Power Tip 72: Select the right rectifiers for multiple output flybacks
In Power Tip 70, we discussed using weighted feedback to improve cross regulation in multiple output flybacks. Choosing the output rectifiers is another important design aspect as they influence cross regulation over load and temperature, efficiency, and transformer design. Today let’s look at these impacts in a flyback with a 3.3 V/0.5 A and a 5 V/2 A output.
In the circuit shown in Figure 1, we chose rectifiers D1 and D3 to determine the turns ratio between the 3.3 V and 5 V windings. First you need to decide on the rectifier’s required voltage rating. The voltage rating is determined by the difference between the output voltage and reflected voltage from the primary, plus an allowance for ringing and derating. In this case, 30 V diodes are suitable for the 3.3 V output, and 40 V diodes are needed for the 5.0 V output.
Cross regulating a two-output flyback saves money at the expense of regulation.
Next, pick the rectifier style from an ultra-fast recovery diode, Schottky diode, or MOSFET. Figure 2 shows I-V characteristics of each at -40 and +125°C temperatures over a wide current range. Usually, you are given a maximum current that your power supply will be asked to deliver, but there is little guidance on the minimum — other than that the supply sometimes will have no load. These large variations in voltage drop play havoc with regulation, as we will see, especially at low voltage.
Many times the designer puts preload resistors in the power supply to help constrain the load range. Also important is that, in the discontinuous flyback being considered, the diode peak current is four times the output current. So a 1 amp output means 4 amps peak in the rectifier. In Figure 2, the fast recovery diode has the largest voltage drop and a 0.6-volt-wide variation over the expected current range. The Schottky diode voltage drop is lower than the fast recovery diode, although it still varies more than 0.4 V over current. The MOSFETs have the lowest drop and the smallest variation. However, they cost the most and require drive circuitry, which further adds to the cost and increases the power supply size.
MOSFETs can mitigate large rectifier voltage variations which ruin cross regulation.
Once you understand the voltage drops associated with the rectifiers, next determine the number of turns for the transformer secondary. The available flux swing due to saturation or core loss sets the minimum number of turns. With this minimum number as a starting point, you can construct Table 1. In case 1, this table starts with a one-turn winding between the transformer 3.3 V and 5 V outputs, and it calculates the 5 V output based on a perfectly regulated 3.3 V.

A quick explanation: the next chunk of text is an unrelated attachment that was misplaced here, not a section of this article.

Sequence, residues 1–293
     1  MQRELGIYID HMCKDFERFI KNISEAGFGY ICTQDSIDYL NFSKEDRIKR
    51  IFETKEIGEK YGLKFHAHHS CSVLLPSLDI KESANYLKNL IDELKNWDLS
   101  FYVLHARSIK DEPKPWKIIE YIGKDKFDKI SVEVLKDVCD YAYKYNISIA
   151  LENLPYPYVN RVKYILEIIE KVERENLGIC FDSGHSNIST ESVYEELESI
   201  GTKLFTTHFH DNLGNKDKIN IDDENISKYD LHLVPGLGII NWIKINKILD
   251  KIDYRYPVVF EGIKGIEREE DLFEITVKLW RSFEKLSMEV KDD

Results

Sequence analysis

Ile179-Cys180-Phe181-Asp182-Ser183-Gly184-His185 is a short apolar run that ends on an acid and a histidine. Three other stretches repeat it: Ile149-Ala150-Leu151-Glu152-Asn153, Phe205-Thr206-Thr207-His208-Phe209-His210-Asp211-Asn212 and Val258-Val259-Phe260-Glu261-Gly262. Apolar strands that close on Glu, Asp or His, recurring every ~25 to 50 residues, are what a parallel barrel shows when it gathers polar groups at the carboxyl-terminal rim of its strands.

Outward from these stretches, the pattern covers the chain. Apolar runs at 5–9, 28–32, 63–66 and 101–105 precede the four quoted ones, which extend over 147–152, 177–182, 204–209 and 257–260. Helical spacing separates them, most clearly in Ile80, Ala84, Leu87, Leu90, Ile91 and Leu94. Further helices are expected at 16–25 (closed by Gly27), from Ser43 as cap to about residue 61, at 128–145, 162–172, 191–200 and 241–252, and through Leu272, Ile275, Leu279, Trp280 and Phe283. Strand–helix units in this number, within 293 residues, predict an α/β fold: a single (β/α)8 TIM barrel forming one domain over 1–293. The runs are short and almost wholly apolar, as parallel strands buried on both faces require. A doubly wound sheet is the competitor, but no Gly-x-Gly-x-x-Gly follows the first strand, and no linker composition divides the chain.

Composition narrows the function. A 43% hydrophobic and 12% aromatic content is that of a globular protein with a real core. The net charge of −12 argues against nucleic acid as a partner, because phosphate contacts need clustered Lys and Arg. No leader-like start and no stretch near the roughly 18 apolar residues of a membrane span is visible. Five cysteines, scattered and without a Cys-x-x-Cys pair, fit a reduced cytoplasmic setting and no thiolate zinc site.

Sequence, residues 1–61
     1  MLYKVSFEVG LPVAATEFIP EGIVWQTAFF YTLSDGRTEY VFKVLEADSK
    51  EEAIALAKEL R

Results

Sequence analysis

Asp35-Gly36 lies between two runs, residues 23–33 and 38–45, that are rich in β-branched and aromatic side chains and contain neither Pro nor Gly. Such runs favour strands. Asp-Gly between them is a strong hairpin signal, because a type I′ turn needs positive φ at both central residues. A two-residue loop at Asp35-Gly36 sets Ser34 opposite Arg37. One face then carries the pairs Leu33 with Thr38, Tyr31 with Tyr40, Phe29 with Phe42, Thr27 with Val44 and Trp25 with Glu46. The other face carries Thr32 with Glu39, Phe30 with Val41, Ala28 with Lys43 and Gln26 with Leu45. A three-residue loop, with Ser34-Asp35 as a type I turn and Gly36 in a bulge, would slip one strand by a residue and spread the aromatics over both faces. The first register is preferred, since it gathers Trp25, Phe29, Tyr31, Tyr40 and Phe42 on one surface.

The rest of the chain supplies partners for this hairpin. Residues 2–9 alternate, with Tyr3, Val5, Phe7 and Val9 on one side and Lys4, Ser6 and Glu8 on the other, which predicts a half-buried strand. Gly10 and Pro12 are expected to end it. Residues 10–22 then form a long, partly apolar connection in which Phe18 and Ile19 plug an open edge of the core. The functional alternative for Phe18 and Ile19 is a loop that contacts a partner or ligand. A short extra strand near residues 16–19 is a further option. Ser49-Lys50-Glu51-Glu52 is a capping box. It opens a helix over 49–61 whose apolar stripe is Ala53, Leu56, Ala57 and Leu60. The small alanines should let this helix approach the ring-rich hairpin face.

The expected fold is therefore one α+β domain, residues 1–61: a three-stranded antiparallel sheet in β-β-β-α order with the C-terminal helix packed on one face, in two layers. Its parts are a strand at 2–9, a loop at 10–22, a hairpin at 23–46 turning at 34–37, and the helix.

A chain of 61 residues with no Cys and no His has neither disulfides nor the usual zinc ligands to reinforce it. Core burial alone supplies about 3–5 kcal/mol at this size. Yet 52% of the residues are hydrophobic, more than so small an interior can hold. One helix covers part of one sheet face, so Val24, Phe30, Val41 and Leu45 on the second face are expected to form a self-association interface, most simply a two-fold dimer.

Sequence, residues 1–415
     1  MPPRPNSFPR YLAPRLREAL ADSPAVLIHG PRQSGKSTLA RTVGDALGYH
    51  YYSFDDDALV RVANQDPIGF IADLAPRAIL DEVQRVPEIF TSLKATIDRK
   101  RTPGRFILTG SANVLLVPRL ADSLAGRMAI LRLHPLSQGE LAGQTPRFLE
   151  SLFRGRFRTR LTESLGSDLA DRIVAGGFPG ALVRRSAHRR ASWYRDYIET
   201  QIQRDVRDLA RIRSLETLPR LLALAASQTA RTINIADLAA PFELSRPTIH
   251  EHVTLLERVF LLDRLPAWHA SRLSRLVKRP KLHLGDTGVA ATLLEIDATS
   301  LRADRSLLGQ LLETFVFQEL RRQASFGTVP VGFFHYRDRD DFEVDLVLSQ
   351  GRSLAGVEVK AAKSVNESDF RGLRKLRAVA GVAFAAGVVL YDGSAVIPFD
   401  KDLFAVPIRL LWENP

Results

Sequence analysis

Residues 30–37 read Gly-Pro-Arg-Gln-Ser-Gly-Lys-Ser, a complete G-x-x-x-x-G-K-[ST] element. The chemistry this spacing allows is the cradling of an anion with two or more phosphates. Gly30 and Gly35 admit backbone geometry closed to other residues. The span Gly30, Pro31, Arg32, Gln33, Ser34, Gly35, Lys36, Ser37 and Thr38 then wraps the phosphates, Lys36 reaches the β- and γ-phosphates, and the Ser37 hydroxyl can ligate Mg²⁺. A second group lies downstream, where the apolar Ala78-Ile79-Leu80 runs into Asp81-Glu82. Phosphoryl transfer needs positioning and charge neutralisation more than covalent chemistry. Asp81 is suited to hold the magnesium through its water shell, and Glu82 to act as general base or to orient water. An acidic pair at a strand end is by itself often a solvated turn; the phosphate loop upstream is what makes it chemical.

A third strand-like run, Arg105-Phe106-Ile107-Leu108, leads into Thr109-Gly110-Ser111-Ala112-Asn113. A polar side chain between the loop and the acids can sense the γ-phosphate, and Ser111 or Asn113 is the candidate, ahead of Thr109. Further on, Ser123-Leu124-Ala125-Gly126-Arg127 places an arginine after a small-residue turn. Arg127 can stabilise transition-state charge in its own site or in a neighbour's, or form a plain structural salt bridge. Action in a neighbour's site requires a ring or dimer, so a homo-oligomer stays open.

Large rectifier voltage variations ruin cross regulation.
The 5 V output rises to 5.2 V (or 4% set-on error) with nominal voltage drops for the diodes and a two-turn 3.3 V winding. The error is worse due to circuit parasitics like transformer resistances and inductances.
Case 2 shows the voltage extremes due to a heavily loaded 3.3 V and a lightly loaded 5 V. Now the error is 13%. Cases 3 and 4 replace the Schottky on the 5 V output with a fast-recovery diode with less than stellar results. The nominal case is somewhat improved, but the worst case has dropped to 20%.
In cases 5-8, I adjusted the turns to try to find a better combination. Cases 7 and 8 are clearly better with about a 5% set-on error. The tradeoff in the number of turns is the secondary copper loss is much greater. Each turn occupies half the area, increasing the resistance per turn by two, and the winding length is twice, which doubles its resistance. For improvement in set-on error, the secondary loss increases by four. Case 9 shows the best results will be obtained with the MOSFETs, due to their low voltage drop. At nominal drops, there is no set-on error.
To summarize, rectifier drops can greatly degrade across regulation in multiple-output, low-voltage flybacks. The problem is further complicated if the load currents are wide ranging, which results in large rectifier forward voltage swings. Preloads may help to mitigate the load range at the expense of power loss and efficiency. The best regulation results are achieved using rectifiers with low-voltage drops.
MOSFETs used as synchronous rectifiers give the best results at the expense of cost and circuit size/complexity. Schottky diodes are the next best choice, followed by junction diodes. Additionally, the selection of transformer turns is an iterative problem, which becomes a tradeoff between set-on accuracy and losses in the transformer.
For more detail on this design, check out our PowerLab posting. While you are there, examine some of the other 1,400 reference designs that we have built, tested, and documented for your use. Check out TI Power Lab Notes for a designer’s perspective on his power supply designs.